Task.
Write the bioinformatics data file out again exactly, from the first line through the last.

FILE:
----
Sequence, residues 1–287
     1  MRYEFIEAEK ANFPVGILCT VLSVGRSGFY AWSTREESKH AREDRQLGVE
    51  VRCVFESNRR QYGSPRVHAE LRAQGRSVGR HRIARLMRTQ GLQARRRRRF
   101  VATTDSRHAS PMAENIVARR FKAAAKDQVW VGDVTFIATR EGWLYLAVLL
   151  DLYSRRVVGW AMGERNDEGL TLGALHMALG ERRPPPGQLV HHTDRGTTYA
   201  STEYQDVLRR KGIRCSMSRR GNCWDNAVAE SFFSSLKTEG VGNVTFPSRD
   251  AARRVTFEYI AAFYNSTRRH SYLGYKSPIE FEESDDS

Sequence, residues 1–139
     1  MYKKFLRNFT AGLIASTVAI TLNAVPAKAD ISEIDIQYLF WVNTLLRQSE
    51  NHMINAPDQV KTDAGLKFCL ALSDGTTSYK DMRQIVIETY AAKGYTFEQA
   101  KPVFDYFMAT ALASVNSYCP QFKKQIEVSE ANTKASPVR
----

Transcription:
Sequence, residues 1–287
     1  MRYEFIEAEK ANFPVGILCT VLSVGRSGFY AWSTREESKH AREDRQLGVE
    51  VRCVFESNRR QYGSPRVHAE LRAQGRSVGR HRIARLMRTQ GLQARRRRRF
   101  VATTDSRHAS PMAENIVARR FKAAAKDQVW VGDVTFIATR EGWLYLAVLL
   151  DLYSRRVVGW AMGERNDEGL TLGALHMALG ERRPPPGQLV HHTDRGTTYA
   201  STEYQDVLRR KGIRCSMSRR GNCWDNAVAE SFFSSLKTEG VGNVTFPSRD
   251  AARRVTFEYI AAFYNSTRRH SYLGYKSPIE FEESDDS

Sequence, residues 1–139
     1  MYKKFLRNFT AGLIASTVAI TLNAVPAKAD ISEIDIQYLF WVNTLLRQSE
    51  NHMINAPDQV KTDAGLKFCL ALSDGTTSYK DMRQIVIETY AAKGYTFEQA
   101  KPVFDYFMAT ALASVNSYCP QFKKQIEVSE ANTKASPVR